Prior to birth, when spirit coalesces a soul and first incarnates into a human embryo, it is for the most part without human ego or personality. The ego develops because soul is influenced by the body and, through it, the world. Physical experiences, five sense perceptions, neurological functions, and instinctual drives all stamp their impression into the soul. Through perception, the soul is further shaped by education and social programming.

Accordingly, the soul acquires a mask carved by all these worldly influences. This mask is the ego/mind, which is associated with human personality and lower intellect. It arises partly from the human brain’s own neural construction that allows for intellectual functions, and partly from the portion of soul molded by worldly and bodily factors. The ego is the streamlined interface through which soul operates proficiently within the physical and social environments. So ego arises at the boundary between body and soul, and spirit wearing the mask of ego gives rise to human identity. Through ego or intellect, we can model the world internally, turn it over in our minds, relive the past, fantasize, imagine the future, construct language, perform abstract calculations, and engage in complicated lines of reasoning.Thus the soul has two extensions, the ego and super ego. The first is associated with human personality and computational reason, the latter with divine personality and higher reason as the higher meaning transjective, abductive, gnostic, and numinous.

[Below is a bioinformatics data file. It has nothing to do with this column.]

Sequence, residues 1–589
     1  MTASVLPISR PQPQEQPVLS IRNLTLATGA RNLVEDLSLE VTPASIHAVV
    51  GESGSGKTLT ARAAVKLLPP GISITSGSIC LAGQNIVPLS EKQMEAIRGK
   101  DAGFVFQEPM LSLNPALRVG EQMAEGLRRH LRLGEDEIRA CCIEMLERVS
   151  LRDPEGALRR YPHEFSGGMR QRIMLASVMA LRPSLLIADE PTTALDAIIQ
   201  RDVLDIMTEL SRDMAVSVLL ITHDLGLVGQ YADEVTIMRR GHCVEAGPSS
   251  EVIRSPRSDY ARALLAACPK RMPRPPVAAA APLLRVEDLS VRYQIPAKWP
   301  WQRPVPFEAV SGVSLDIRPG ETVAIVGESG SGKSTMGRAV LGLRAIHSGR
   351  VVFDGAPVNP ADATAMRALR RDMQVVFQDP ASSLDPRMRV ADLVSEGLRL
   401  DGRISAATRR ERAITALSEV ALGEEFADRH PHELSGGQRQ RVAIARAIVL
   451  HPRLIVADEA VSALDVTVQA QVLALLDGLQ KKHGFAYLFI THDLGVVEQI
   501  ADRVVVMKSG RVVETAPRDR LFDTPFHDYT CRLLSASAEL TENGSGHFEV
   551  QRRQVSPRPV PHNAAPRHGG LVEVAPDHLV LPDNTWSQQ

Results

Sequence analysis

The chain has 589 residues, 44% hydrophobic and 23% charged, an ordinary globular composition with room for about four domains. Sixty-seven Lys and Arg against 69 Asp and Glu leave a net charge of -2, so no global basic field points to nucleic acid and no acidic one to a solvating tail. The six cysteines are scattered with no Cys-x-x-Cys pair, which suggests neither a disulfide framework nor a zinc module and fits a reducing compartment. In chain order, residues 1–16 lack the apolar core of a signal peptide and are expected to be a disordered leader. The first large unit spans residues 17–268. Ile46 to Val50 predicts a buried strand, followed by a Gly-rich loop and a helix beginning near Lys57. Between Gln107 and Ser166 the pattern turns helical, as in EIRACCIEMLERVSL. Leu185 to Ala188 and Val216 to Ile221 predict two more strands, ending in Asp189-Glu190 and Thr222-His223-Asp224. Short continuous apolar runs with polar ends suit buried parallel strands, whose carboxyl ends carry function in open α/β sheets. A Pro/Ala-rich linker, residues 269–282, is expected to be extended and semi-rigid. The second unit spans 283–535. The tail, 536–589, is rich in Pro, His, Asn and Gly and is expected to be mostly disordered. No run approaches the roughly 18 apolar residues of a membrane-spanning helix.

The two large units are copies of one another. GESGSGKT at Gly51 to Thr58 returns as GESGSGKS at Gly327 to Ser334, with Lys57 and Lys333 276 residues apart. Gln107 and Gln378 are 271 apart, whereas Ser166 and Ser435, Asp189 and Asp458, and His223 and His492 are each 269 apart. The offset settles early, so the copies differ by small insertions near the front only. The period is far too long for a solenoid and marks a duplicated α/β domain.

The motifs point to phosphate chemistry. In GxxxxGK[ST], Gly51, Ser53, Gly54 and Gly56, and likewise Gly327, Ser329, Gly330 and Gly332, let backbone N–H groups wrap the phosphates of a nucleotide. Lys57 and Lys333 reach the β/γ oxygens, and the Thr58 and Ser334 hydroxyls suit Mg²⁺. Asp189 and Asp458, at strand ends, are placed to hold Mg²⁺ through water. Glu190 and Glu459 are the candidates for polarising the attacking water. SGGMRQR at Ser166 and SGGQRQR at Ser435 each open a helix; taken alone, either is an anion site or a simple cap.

In Tibet, people are familiar with a certain ancient technique that teaches a person how to create a thought-form that can assume human-form. It is known as a tulpa. A tulpa is basically an entity created in the mind. It possesses the ability to act independently of and parallel to your own consciousness. It is able to think, and has its own free will, emotions, and memories. In short, a tulpa is like a sentient person living in your head, separate from you. The duration, strength of a thought-form and how far it can travel depends on the strength and clarity of the original thought. Sometimes people try to direct an evil thought at another person. This can end in a disaster. If the thought-form cannot latch on to similar vibrations in the aura of the recipient, it bounces back to the sender. These thought-forms are produced by group minds, when several people concentrate on the same thoughts or ideas.


Gnosticism:  humans are divine souls trapped in the ordinary physical or material world.  The world was made by an imperfect spirit. The imperfect spirit is thought to be the same as the God of Abraham. Some Gnostic groups saw Jesus as sent by the Supreme Being, to bring gnosis to the Earth.

Gnostic Christian: The highly controversial group in the history of the Christian church believed our world was actually created by an evil being named Demiurge. They still believe in a pure and good God, but they believe he created a spiritual realm, including eight divine beings called Archons.